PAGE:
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Physiol Behav. 1988;43(1):1-7.

Life-span studies of dominance and aggression in established colonies of laboratory rats.

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Békésy Laboratory of Neurobiology, University of Hawaii, Honolulu 96822.


Six mixed-sex colonies of Long-Evans rats were observed at 100-day intervals from colony formation at 100 days of age until all colony members died. Long-term stable dominance relations were observed among males in four colonies while two colonies which had low initial levels of aggression continued to show low intracolony conflict at all ages and no clear dominance relationships. Agonistic interactions among females and between males and females were relatively infrequent and no dominance hierarchy among females was apparent. The aggression of resident males toward intruders increased from 201-601 days of age, but declined overall at age 701. Nevertheless, older males which fought intruders did so as readily as they had when they were young and the few animals that reached 800 days of age continued to attack intruders. Although no systematic decline in total duration or intensity of offense was found across age, there was some evidence of impaired motor performance by older males.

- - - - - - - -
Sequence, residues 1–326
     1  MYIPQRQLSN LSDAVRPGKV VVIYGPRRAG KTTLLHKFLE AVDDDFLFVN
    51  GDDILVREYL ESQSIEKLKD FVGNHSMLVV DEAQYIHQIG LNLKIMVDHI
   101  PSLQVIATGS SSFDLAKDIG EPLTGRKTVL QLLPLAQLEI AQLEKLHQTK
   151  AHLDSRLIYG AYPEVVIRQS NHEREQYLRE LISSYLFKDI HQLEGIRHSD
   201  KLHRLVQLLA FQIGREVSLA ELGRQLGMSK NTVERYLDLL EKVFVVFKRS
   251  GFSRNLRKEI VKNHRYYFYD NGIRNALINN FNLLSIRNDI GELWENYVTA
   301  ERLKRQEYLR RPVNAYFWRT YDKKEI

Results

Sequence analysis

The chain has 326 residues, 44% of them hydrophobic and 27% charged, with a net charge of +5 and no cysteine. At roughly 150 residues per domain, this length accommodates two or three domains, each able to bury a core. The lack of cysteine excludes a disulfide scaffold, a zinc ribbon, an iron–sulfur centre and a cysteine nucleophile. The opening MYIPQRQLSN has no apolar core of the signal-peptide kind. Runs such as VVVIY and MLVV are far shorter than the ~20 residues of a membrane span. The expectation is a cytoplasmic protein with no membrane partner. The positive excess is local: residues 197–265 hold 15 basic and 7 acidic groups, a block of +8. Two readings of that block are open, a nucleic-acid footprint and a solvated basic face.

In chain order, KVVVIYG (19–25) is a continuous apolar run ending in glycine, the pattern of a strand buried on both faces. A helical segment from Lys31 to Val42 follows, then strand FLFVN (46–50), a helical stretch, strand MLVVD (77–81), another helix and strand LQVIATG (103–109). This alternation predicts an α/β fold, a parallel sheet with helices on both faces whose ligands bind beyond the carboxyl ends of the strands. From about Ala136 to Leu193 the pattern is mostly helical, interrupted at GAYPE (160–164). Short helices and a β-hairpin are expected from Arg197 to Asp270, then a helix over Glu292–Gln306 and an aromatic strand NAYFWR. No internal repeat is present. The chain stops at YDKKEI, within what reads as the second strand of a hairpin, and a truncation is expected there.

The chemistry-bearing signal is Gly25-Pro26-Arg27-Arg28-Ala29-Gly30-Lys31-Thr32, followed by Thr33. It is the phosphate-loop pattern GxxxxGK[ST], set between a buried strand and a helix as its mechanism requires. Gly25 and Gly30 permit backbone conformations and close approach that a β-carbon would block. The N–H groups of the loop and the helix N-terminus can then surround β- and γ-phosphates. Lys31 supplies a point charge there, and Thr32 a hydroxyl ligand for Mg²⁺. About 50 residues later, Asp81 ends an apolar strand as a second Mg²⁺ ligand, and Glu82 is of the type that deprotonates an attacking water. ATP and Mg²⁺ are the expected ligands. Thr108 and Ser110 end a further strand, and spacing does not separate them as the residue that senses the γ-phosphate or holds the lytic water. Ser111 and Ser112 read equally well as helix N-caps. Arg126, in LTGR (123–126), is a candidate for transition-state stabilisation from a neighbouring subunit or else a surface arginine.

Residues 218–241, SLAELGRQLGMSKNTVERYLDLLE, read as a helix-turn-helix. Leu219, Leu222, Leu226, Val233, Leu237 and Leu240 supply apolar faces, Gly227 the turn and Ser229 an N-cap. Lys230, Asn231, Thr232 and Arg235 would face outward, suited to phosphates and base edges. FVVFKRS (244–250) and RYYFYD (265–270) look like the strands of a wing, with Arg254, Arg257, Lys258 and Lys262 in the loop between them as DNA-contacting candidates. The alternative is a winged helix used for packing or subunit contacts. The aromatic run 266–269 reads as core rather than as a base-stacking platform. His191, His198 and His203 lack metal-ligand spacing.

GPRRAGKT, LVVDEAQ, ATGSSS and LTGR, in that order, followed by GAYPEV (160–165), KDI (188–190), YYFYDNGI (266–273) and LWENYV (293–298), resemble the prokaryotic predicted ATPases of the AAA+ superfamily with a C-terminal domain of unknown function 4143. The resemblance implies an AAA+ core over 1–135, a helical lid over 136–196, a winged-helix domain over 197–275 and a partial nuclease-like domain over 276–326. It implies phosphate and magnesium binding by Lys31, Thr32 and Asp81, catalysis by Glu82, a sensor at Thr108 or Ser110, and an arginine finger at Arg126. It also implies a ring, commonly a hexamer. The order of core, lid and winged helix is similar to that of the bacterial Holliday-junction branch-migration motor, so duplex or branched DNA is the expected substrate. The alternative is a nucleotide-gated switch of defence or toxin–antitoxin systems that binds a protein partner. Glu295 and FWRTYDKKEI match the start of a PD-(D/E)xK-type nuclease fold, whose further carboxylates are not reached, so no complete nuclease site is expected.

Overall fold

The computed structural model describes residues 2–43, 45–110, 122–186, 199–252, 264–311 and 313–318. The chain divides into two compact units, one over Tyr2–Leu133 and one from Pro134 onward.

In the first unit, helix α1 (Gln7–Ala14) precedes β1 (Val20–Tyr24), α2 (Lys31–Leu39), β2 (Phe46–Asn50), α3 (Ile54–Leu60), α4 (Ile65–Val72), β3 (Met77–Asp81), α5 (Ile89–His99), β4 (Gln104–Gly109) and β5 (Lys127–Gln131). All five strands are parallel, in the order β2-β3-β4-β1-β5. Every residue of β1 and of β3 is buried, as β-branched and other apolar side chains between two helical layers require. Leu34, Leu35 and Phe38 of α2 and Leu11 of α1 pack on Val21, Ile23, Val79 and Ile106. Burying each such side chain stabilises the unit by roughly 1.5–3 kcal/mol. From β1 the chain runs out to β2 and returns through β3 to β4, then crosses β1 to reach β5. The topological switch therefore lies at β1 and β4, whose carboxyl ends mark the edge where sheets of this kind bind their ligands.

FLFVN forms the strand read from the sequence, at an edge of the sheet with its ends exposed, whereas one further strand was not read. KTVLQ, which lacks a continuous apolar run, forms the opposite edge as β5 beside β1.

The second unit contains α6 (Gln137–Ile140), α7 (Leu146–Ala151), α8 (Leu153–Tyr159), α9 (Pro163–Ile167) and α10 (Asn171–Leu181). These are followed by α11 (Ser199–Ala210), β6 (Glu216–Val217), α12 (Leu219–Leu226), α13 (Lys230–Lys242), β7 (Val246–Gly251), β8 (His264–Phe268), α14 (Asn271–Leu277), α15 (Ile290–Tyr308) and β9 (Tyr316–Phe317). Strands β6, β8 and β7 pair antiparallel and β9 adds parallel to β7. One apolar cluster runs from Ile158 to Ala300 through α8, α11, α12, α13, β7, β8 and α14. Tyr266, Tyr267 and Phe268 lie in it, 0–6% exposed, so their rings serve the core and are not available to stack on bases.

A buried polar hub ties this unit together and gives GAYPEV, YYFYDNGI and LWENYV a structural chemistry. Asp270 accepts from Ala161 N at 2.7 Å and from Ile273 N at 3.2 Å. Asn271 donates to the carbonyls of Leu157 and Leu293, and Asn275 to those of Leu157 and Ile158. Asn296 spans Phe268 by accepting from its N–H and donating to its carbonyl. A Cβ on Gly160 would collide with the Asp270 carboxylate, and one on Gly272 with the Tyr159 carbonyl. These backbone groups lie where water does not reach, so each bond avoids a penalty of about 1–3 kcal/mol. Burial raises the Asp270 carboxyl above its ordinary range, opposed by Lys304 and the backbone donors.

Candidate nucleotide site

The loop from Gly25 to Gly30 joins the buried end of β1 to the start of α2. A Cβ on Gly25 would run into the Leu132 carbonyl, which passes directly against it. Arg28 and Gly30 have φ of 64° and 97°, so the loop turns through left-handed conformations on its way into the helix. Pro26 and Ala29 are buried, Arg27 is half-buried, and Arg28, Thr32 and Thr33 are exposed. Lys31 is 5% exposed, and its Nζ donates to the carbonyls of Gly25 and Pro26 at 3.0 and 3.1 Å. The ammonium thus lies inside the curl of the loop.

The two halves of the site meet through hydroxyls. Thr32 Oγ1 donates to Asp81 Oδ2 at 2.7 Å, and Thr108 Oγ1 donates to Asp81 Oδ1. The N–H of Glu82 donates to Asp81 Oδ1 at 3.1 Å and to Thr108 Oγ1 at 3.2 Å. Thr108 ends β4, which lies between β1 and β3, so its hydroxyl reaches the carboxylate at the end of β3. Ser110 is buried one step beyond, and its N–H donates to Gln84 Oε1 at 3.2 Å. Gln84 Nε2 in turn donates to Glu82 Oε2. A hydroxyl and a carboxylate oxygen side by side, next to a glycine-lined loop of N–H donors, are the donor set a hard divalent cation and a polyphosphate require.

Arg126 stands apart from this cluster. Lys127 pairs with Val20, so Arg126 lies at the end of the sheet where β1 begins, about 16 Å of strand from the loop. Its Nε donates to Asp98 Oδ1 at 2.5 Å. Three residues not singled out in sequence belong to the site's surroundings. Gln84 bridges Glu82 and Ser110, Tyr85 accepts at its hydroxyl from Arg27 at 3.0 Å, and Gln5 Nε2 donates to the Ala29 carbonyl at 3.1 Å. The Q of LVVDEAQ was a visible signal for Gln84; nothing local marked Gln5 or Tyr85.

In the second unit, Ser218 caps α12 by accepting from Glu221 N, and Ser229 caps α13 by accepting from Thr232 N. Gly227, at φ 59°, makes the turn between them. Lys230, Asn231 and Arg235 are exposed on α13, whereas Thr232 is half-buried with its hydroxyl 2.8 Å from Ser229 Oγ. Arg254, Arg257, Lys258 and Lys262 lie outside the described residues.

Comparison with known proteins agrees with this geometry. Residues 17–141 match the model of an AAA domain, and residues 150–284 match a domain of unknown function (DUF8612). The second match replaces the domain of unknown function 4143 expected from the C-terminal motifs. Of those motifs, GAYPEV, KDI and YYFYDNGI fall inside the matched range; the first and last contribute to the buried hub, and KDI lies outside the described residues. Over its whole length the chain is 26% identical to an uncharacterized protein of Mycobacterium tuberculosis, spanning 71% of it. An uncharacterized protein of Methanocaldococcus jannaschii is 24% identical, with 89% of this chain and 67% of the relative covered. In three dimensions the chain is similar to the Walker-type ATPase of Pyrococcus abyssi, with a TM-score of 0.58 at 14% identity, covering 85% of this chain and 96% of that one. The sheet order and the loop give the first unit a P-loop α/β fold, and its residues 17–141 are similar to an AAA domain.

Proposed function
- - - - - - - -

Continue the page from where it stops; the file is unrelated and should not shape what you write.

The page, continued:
[Indexed for MEDLINE]

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